Let’s not get too far ahead of ourselves. Lucas Johansen is still very much a work in process or as I prefer to put it, “a work in progress.” He still is under-strengthened, particularly in the lower body, and needs to become more physical and develop an edge to his game. However, he is still only 174 lbs. at 6’1’. As he gains more weight and strength, the other parts of his game are likely to improve exponentially, namely his acceleration and physical play. I am a big fan of Lucas Johansen because I foresee a lot more progress ahead and also because Lucas has already shown us that he has the basis to be today’s prototypical NHL defenseman – quickness in physicality and the mental processing of the game, high-end skating, high-end transition, high-end hockey awareness to find the lanes for both shooting and passing. Lucas Johansen is not an overly flashy player but I believe NHL teams will easily see the NHL projection in him and select him in the 25 to 45 range.
“He comes from the defenseman factory in Kelowna, so he’s got that in his favour there. (According to an NHL.com article published last March, the Rockets had 11 different defensemen on opening-night rosters for NHL clubs last season.)But his game is growing, it’s going in the right direction. He’s on an upward trend so the projection should be he’ll continue and chances are he’ll move up as the year continues.”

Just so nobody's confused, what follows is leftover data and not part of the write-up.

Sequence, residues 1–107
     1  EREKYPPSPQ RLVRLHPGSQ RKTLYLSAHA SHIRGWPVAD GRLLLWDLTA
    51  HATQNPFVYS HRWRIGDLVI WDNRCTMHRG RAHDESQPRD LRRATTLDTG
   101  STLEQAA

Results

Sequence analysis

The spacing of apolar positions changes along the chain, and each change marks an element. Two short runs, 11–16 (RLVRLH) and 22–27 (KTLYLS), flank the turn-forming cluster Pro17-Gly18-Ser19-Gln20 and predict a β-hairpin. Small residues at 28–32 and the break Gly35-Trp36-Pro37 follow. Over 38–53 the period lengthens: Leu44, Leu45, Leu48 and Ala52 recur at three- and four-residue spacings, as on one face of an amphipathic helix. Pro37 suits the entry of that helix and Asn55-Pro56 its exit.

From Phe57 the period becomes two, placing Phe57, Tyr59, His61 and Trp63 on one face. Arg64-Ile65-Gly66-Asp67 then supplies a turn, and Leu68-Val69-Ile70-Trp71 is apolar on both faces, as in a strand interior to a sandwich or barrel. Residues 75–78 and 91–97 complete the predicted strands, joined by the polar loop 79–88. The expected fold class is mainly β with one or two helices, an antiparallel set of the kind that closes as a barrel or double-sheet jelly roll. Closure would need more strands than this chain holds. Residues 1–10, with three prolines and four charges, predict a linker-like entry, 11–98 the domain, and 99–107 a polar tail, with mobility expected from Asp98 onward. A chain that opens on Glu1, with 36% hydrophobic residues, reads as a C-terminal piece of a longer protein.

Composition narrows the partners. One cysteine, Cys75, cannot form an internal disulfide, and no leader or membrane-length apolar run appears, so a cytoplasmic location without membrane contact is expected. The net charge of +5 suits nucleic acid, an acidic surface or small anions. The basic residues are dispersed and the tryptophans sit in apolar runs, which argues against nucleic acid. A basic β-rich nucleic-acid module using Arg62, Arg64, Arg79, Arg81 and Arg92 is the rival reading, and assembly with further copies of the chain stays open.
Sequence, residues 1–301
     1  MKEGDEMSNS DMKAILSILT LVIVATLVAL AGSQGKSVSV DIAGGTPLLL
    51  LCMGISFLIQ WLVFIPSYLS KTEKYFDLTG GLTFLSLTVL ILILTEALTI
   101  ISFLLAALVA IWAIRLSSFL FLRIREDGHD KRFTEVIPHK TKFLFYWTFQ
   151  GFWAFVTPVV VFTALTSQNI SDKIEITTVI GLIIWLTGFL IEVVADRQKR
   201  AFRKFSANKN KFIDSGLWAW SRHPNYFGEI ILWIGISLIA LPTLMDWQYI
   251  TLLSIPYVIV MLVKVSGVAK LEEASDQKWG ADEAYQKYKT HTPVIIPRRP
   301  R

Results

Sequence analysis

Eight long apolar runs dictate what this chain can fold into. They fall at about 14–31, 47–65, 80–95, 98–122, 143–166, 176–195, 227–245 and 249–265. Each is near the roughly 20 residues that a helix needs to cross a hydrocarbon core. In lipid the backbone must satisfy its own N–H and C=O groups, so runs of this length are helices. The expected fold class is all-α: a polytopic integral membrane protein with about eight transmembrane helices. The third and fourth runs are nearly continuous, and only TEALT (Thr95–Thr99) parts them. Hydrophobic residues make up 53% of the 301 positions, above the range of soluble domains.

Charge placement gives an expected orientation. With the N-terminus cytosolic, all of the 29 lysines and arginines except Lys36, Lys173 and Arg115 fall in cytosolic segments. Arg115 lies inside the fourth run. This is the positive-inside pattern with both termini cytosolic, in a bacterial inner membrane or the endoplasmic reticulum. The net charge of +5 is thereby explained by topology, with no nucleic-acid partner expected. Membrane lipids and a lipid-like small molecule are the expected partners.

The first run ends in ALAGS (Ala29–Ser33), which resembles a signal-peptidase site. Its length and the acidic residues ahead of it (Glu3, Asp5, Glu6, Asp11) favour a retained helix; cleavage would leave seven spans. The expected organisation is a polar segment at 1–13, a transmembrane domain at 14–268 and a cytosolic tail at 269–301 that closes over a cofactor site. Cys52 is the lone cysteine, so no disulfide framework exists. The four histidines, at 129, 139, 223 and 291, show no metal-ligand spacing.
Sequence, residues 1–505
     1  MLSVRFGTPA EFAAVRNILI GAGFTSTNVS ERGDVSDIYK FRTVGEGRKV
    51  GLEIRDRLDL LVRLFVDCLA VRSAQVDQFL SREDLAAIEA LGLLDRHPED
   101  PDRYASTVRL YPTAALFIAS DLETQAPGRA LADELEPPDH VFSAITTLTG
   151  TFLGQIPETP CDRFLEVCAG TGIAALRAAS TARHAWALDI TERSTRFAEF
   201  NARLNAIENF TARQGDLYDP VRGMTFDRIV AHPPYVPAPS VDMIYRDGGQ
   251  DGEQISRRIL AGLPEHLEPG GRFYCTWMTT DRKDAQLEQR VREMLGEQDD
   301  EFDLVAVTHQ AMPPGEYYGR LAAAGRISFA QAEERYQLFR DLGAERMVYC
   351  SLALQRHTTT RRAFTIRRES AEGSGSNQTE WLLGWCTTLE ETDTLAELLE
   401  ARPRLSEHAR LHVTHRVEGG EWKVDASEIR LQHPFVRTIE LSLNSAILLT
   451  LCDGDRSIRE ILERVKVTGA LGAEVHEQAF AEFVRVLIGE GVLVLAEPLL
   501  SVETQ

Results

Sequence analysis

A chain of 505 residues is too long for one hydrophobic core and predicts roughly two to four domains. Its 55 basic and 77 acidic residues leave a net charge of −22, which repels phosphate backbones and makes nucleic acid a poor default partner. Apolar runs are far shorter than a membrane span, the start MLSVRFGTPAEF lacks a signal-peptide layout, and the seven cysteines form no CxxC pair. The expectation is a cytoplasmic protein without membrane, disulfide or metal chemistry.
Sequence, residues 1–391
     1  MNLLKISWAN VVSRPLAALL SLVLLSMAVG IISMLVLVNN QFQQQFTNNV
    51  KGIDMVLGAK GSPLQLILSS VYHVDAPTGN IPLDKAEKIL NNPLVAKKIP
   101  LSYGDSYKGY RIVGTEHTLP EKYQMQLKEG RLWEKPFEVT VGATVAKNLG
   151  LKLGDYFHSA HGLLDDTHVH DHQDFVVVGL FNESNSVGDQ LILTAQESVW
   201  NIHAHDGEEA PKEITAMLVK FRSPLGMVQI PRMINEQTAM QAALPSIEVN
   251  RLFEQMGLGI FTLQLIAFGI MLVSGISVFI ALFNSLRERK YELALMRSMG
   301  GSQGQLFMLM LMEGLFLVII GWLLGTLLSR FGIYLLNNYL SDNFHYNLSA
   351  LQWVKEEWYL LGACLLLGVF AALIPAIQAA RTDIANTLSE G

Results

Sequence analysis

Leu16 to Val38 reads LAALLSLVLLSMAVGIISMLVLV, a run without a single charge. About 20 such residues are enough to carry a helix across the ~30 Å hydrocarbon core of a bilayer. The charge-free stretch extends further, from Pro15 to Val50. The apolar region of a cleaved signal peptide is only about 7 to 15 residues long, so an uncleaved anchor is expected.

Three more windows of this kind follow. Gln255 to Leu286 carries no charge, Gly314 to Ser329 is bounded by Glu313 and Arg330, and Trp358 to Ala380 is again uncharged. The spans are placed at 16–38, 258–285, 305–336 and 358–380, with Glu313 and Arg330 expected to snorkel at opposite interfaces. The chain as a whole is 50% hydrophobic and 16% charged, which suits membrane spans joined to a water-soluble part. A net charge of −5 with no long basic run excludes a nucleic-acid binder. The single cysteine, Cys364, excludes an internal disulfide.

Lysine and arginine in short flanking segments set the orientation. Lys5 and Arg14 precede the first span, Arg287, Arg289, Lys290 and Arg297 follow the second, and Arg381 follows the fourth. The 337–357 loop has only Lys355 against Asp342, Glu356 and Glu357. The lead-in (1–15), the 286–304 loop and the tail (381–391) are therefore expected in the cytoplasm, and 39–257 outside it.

–Dan Marr, Director of NHL Central Scouting at MetroNews.ca
“Lucas is a really good skater, four-way mobility, he can stop/start quickly, he can skate backwards very well, very agile and fluid mover with his crossovers and his lateral movement and crisp on his edges. He is going to be good in puck retrieval, effective in leading and joining the rush, advancing the puck. He has good vision and passing ability. He is not a very physical defenseman, has a tendency to be more of a stick-check, play the puck kind of defensemen. Has to get better in the way he processes the game. He has higher offensive upside and could be a player who comes off the board earlier.”
– Kirk Luedeke of the Scouting Report at OilersNation.com
“A responsible defender focused on establishing sound positions while defending his goal.Effective at gaining a positional edge and tying up an opponents’ stick and body, aided by an extra long blade on his stick, albeit is not a physical presence.Maintains solid gap control backing up defending the rush. Does a good job of closing gaps, but can get overaggressive at times, notably in the neutral zone. However, he is strong and alert in recovery – gets back to defend his net and stays aware of situations by looking around – doesn’t ‘puck watch’.”